In an ideal world, Congress would take up tax reform comprehensively, as part of a high-growth strategy. In fact, PPI is currently working on a tax framework for progressives, for how to modernize the entire tax system for individuals and corporations.
Unfortunately, the reality is that wholesale reform is not currently a politically viable option. Therefore, we must consider discrete pieces of tax legislation, with the idea that as long as we are promoting innovation and growth, small measures are better than nothing. One such tax measure currently up for Congressional debate is an extension of the so-called “bonus depreciation” deduction, first enacted in 2008. The intention of the deduction is to encourage U.S. companies to invest domestically, by allowing them to deduct 50 percent of their capital expenditure costs upfront instead of over time. In other words, it makes it more financially attractive for U.S. companies to invest in America – be it to increase factory production, purchase new transportation equipment, or deploy broadband networks.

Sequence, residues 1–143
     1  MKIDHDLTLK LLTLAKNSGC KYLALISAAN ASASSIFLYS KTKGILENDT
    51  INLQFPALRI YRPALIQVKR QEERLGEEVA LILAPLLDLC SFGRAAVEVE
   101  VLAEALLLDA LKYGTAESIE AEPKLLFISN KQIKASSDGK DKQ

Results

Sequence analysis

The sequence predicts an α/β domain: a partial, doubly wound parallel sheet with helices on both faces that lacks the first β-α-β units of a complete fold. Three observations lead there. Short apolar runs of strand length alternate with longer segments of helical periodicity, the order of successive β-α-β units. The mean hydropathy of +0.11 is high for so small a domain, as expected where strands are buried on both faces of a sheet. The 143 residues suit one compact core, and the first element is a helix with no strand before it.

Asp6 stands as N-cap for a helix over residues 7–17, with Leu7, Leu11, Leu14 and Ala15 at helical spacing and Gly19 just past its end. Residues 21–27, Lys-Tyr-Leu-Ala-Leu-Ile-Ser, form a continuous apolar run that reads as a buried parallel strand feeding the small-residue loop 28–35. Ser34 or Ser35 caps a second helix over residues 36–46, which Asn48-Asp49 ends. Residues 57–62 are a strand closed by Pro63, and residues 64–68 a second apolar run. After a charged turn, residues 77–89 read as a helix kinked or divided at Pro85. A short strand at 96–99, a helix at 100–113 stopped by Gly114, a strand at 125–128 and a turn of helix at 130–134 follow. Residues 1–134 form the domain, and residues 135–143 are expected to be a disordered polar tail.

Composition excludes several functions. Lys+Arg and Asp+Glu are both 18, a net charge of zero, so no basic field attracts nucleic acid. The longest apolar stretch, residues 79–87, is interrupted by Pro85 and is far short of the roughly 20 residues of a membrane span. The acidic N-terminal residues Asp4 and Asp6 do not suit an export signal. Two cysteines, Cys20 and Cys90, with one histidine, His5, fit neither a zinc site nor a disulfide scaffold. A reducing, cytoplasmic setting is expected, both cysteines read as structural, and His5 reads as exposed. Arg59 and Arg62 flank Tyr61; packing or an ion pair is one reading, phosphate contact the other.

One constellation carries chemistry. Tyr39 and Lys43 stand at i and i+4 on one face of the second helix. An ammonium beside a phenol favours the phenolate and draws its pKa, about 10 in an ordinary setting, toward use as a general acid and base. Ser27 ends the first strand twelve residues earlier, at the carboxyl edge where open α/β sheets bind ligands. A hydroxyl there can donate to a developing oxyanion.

PPI has done extensive research on the importance of encouraging domestic investment as part of a high-growth strategy. Our annual “U.S. Investment Heroes: Companies Betting on America’s Future” report highlights the top 25 U.S. companies investing in America’s productive capacity, through their domestic investment in plants, properties, and equipment. In our 2013 report, we found that “several companies on our list highlighted this measure [bonus depreciation deduction] in their discussion of 2012 capital investments” as a key reason for their strong U.S. investment.
Investment is the building block for job creation and gains in wages and standard of living. That means we must do everything we can to promote economic growth through investment, including the extension of the bonus depreciation deduction.